In the end, the film shoot lasted until almost 5 p.m. Shinny players were really mad, and they said they'd be calling the city councillor to complain. But they probably won't. People rarely make their voices heard; they find it too frustrating, and nobody wants to get angry.
Film permits are free in Toronto, so the City doesn't make income off them -- but they encourage film production because it boosts jobs. The reasoning is smart (and ought to be applied to other community-building permits as well, ask the real estate people). But it makes no sense to use one of the busiest rinks in the city, displacing so many skaters -- when the city (sadly) has so many "orphan rinks" where a film company would displace very few people, filming in the daytime.
There was a big meeting about the key theft. The kids said they knew nothing about it, but after the meeting ended, the keys turned up at the front desk -- surprise!
But of course it wasn't a surprise. There had already been some hints dropped. The good news is that the City doesn't have to spend the $3600 that it would have cost to re-key the entire building with the special city keys. The bad news is that the four kids are still a big problem, and up to this point none have accepted responsibility. So now we start with the arduous meetings, separately and together, the monitoring of the community hours, etc. The standard way of treating this kind of thing is to push it under the rug. But then everybody else learns that you can get away with really bad stuff. So the kids will have to go through the steps. Maybe it will help them in the long run, who knows.
The recreation manager came to a meeting to talk about holiday hours. Most of the rinks are scheduled to be closed on Christmas Day and at shorter hours for Boxing Day and New Year's. We asked David Rothberg if we could use some of his donation to keep the rink open on some of those hours, and he said yes. The manager had to check with her boss, at 7 a.m. this morning. Then she came to the meeting and said, "it's all good" (her signature phrase). So in this neighbourhood, the kids with new skates get to try them out on Christmas Day, and nobody will have to leave the rink early on Boxing Day or New Year's. It's good.
The rink was full of school classes in the morning and kids out of school in the afternoon. The group in the photo were from Etobicoke School of the Arts -- they said that almost all the students had stayed off school today, and most of the teachers stayed away too. There was also a big group from a foreign students' language school. Many of them were first-time skaters, looking a little nervous but willing to try.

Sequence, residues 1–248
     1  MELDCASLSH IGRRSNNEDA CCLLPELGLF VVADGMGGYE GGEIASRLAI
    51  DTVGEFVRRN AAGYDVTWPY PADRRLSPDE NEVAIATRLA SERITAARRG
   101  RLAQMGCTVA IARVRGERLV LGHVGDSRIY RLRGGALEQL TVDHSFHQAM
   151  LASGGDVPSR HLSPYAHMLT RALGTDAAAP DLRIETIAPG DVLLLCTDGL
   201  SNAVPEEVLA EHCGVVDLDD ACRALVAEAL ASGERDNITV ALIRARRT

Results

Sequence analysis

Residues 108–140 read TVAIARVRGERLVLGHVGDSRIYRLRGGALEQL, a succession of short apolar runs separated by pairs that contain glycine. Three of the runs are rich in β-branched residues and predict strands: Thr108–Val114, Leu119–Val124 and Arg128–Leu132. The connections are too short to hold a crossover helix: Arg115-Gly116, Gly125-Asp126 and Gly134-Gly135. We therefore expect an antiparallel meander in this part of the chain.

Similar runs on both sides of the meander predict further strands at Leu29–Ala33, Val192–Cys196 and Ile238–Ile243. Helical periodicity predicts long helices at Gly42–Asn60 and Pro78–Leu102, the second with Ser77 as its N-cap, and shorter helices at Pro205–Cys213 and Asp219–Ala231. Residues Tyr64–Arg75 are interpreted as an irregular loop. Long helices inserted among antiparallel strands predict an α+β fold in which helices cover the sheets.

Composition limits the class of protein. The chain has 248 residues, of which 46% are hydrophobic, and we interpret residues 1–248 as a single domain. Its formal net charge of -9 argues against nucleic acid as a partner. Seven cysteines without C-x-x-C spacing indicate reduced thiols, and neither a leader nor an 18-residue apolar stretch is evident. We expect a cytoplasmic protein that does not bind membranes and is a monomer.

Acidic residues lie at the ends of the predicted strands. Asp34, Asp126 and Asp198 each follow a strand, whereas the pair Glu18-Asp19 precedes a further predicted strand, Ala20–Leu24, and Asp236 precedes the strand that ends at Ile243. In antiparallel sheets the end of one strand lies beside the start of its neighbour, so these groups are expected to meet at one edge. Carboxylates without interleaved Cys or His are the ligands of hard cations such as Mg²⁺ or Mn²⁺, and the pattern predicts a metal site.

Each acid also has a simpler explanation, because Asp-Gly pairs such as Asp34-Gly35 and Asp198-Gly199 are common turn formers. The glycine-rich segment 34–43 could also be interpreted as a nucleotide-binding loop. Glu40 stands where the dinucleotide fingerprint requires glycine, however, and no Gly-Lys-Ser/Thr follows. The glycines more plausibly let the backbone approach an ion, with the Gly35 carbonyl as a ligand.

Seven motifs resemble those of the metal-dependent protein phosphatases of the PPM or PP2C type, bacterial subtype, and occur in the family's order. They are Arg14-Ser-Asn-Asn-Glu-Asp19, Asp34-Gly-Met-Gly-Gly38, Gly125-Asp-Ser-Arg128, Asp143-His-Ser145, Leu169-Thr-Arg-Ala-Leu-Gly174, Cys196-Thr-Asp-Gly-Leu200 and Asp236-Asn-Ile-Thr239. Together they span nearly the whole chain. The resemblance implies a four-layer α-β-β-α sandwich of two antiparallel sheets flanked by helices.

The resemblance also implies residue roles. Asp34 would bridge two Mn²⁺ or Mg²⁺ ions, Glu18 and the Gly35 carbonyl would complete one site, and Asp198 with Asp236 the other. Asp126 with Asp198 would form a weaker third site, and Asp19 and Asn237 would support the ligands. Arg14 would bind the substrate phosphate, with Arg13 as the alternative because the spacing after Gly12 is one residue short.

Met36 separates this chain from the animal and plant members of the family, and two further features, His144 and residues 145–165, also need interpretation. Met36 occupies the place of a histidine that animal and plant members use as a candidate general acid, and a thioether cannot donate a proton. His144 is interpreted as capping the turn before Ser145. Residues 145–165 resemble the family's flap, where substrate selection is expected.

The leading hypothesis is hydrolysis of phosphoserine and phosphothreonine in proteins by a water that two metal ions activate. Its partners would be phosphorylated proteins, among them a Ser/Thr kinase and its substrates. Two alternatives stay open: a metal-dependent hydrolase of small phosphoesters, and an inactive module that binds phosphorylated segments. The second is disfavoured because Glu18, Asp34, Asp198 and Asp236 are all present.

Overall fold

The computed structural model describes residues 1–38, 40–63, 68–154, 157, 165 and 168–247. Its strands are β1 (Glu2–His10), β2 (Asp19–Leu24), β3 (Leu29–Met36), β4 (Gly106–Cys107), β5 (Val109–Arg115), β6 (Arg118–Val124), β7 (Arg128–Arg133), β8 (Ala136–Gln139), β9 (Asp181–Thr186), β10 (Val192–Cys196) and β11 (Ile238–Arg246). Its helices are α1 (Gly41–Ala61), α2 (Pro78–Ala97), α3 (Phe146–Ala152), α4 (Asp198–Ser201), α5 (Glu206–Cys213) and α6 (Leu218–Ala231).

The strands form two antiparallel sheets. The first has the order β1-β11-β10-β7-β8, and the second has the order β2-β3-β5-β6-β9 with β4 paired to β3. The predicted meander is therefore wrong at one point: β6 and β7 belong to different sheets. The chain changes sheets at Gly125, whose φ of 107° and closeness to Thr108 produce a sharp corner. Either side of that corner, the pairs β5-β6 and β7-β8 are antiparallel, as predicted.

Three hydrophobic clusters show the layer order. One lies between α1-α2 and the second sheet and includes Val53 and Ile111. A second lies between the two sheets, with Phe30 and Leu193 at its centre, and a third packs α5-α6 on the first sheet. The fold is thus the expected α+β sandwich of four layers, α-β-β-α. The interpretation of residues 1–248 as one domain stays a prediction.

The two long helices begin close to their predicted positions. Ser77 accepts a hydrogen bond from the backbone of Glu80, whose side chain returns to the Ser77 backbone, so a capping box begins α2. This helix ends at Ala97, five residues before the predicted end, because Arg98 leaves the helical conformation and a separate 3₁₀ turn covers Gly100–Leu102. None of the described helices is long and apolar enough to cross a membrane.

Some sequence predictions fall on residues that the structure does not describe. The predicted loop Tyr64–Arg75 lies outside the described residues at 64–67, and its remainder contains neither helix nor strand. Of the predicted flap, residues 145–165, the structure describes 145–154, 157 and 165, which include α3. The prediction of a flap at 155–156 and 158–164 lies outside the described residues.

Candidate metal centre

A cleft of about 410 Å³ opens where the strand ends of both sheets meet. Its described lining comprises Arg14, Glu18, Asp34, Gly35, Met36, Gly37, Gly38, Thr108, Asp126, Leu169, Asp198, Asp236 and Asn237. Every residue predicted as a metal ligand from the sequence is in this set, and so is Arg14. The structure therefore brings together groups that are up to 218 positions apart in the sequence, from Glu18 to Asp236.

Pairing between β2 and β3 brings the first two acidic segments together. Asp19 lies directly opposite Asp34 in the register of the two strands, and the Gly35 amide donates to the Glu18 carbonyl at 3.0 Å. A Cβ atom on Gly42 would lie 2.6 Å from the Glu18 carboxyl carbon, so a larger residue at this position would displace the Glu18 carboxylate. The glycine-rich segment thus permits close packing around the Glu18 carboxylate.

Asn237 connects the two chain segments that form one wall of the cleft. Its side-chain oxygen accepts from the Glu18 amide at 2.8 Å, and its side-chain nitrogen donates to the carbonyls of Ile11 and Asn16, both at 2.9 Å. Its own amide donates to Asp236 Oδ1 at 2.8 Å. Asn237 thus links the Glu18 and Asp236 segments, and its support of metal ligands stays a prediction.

It was cold enough outside to make a fire in the woodstove. A very nice scene.
The rink was very busy today, which is a bit unusual on Christmas Eve. In this part of town, Christmas Eve is as big as Christmas Day, and people are often too busy to come skating. The Star article about David Rothberg's donation (to let the three Ward 18 rinks open on Christmas Day) may have attracted more people today. Global TV came and did a news item, too, for the 6 o'clock news.
One of the staff noticed that a kid who is currently banned from the rink is in the Star photo -- it's hard to keep track of all the people on the ice!
Today's the day the rink was meant to be closed. But thanks to David Rothberg's agreement, the doors were open from 10 in the morning until 6. It was slow at first, and then more and more people came. The mood was pretty good -- shopping is over, and there's time to enjoy semi-winter.
By early afternoon, there was a constant lineup of people wanting to borrow skates. About $380 was taken in skate donations -- at $2 a loan, and some people who didn't have money to donate, that's a lot of skates. The loans work particularly well for visitors from out of town. And -- always -- for the big groups of newcomers. Lately it's been Tibetans -- sometimes they make up a third of the pleasure-skaters. Shinny hockey, not so much.
The staff said it was painful shutting down the rink at 6 -- there were still a lot of people on the rink, clearly reluctant to give back the skates and go.
Boxing Day. The weather was nice, and from the afternoon onward the rink was very crowded until about 8 p.m. City TV came to do a story on David Rothberg's rink donation. He doesn't much like doing these interviews, but says he wants to tough it out because maybe other people will donate to keep a rink open that's currently scheduled to close on New Year's. Nobody likes this media stuff very much but it's important to remember that 15 minutes after the broadcast it will be the video equivalent of fishwrap.
Watching the cameraman was interesting for people. The reporter asked a couple of Tibetan boys to skate up to the camera, fast and close, and they did. They had to repeat the "take" at least a dozen times. They wore yellow loaner skates from the park, and they looked pretty proud -- would the Olympics be next?
Later on, they did dishes and other chores to earn some snacks. A good day all around.
From a staff report:
From staff notes: